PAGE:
America started career with a burst of magic
IF YOU GO:
What: The Moondog Coronation Ball featuring America, The Grass Roots, Felix Cavaliere & The Rascals, The Spinners and Eric Burdon & The Animals
When: 7 p.m. Saturday
Where: Quicken Loans Arena, One Center Court, Cleveland
Tickets: $35 to $65; call 888-894-9424 or visit theQarena.com
By John Benson
Talk about walking down memory lane, America singer-guitarist Gerry Beckley can’t believe it’s been 40 years since the release of his band’s self- titled platinum debut.
“It was certainly a moment in time,” said Beckley, calling from Annapolis, Md. “That album was recorded very quickly, very reasonably, basically doing what we did on stage, playing the three acoustics and very few overdubs. And it was a strong batch of tunes. Regardless, no matter what other kind of magic or chemistry, it usually comes down to the songs, and they were really a good batch of songs. Also the timing, it dropped us right in the singer-songwriter thing.”
In many ways, America would go on to help shape the ’70s singer-songwriter scene with hits “A Horse With No Name,” “Ventura Highway,” “Tin Man,” “I Need You” and “Sister Golden Hair.” Despite its red-white-and-blue moniker, the band actually started out in the U.K., where it was signed by Warner Bros. Records. Early on, the group found an audience as it toured around England opening for the likes of The Who and Pink Floyd.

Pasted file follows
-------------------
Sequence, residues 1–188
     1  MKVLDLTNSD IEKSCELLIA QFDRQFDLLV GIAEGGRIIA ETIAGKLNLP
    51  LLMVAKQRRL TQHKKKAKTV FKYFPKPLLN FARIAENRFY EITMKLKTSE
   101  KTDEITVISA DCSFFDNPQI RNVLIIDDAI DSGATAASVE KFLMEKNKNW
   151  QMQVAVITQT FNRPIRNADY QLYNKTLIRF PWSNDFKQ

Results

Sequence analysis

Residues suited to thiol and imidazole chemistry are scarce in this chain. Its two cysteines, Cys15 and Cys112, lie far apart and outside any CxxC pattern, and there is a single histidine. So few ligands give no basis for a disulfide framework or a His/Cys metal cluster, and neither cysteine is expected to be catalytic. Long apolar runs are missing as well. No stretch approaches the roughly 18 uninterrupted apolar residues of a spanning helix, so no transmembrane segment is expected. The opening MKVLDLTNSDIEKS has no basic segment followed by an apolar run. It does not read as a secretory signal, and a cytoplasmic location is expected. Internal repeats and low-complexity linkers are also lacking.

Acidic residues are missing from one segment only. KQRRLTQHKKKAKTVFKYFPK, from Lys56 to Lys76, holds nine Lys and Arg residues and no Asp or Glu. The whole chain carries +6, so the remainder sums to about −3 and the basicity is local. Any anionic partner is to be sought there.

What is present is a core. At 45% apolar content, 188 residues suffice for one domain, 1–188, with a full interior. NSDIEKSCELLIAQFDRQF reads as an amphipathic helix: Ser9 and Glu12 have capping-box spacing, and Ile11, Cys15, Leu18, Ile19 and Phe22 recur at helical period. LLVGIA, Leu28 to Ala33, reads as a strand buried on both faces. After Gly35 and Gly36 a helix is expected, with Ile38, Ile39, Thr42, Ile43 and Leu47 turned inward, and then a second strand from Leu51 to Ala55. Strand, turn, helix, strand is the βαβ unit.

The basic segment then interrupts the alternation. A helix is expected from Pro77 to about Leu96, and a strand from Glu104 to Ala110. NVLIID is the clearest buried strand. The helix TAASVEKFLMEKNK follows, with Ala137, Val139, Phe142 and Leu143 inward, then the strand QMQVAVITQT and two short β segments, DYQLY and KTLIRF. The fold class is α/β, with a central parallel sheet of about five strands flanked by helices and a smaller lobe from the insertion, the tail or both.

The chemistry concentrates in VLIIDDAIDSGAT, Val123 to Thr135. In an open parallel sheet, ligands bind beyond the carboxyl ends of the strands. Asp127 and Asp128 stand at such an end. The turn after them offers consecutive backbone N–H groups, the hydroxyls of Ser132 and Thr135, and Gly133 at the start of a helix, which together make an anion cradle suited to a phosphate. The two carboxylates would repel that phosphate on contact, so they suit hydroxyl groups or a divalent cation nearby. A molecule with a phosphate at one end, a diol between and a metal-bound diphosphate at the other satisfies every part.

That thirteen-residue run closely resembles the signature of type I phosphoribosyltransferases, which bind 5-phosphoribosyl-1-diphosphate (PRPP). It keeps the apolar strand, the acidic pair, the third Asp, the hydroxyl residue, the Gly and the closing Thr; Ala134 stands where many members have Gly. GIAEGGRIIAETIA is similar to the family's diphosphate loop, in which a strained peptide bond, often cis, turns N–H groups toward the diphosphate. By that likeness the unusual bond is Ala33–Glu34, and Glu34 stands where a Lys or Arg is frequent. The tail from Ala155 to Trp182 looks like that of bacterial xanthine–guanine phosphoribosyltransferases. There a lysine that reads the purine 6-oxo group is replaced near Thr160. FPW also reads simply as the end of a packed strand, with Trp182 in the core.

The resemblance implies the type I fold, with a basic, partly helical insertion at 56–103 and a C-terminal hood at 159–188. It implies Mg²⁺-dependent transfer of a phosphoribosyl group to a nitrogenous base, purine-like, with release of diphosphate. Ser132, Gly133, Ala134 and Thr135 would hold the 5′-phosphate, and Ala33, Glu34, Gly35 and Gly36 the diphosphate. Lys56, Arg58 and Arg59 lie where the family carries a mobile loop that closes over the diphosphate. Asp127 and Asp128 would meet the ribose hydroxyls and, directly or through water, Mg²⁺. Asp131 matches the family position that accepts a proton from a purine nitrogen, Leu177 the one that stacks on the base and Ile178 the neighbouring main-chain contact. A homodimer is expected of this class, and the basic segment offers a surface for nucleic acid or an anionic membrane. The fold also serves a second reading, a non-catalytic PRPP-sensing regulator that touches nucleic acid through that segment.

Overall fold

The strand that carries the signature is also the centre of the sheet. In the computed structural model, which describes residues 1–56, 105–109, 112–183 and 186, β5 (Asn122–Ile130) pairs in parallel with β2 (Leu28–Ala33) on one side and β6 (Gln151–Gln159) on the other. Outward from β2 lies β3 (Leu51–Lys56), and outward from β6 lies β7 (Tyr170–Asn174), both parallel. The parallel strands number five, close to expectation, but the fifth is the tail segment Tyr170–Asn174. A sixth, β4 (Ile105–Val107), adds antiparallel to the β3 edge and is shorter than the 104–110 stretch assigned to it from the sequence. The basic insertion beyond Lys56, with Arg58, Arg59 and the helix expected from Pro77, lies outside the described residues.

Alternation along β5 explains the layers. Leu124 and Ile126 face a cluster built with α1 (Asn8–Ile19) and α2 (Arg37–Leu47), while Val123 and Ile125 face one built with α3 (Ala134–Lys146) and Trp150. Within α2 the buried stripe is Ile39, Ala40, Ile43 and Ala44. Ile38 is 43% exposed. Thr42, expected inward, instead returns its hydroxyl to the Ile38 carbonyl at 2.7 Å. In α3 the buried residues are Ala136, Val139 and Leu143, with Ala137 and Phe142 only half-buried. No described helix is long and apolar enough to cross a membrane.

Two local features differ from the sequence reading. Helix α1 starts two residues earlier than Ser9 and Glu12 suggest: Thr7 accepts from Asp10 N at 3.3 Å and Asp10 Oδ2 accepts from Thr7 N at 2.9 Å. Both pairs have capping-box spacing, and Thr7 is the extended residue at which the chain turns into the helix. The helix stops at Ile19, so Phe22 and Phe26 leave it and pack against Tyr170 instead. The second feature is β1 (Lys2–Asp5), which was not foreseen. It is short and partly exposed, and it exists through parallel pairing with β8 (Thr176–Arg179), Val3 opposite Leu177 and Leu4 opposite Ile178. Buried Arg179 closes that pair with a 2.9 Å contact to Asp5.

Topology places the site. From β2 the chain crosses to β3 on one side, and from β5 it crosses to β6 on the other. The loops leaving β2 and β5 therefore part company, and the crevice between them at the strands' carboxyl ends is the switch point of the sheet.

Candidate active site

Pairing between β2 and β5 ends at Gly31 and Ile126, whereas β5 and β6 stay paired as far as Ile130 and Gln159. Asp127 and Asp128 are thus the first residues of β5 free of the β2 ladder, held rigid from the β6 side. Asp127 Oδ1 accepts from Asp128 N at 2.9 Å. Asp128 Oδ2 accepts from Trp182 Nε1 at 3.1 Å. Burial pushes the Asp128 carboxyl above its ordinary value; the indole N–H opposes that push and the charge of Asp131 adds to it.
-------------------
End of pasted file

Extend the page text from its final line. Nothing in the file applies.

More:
Actually, it was the success of its debut album and hit single “A Horse With No Name” overseas that caught the ear of its label’s parent company stateside. However, what the Los Angeles office failed to realize was the album didn’t contain the hit single.
You see, America kept writing after its first album hit the stores, with the U.K. label deciding to release “A Horse With No Name” as a single. That’s why Beckley said the initial pressing of “America,” without the definitive folk song, remains a collector’s item today.
“I think there was a lot of magic on that first album,” Beckley said. “It was very strong with things like ‘Sandman,’ ‘Three Roses’ and ‘Riverside,’ and of course later with ‘Horse.’ That’s as big as you can get on a record, but I think what we did was build on that as opposed to trying to equal it. In fairly rapid succession, we started to build a catalog of stuff. The second album had ‘Ventura Highway’ and ‘Don’t Cross the River.’ And as we built this thing, we managed to hold and, if anything, add fans. We were basically teenagers, and it could have gone pretty wrong pretty fast.
“In fact, we won the Best New Artist Grammy Award, and that’s very often a tough thing to follow if you look at the list of people who won it, but we did OK. It was a good year, too. We were up against The Eagles, Loggins & Messina, Harry Chapin and John Prine.”
Today, America often finds itself playing on package bills with its peers. This is the case when the band rolls into Cleveland for an appearance on the annual Moondog Coronation Ball show taking place Saturday at Quicken Loans Arena. Also on this year’s bill are The Grass Roots, Felix Cavaliere & The Rascals, The Spinners and Eric Burdon & The Animals.
“It’s a soundtrack to an era,” Beckley said. “You just can’t believe when you put a few classic acts together — it makes just a really memorable evening.”